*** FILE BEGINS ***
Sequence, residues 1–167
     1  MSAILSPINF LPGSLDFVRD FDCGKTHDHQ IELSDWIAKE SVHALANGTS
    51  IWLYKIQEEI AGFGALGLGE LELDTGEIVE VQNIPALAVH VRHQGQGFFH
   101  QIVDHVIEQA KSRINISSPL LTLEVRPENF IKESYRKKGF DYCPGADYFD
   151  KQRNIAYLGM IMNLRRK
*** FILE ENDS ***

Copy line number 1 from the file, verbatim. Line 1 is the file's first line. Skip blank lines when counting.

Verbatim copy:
Sequence, residues 1–167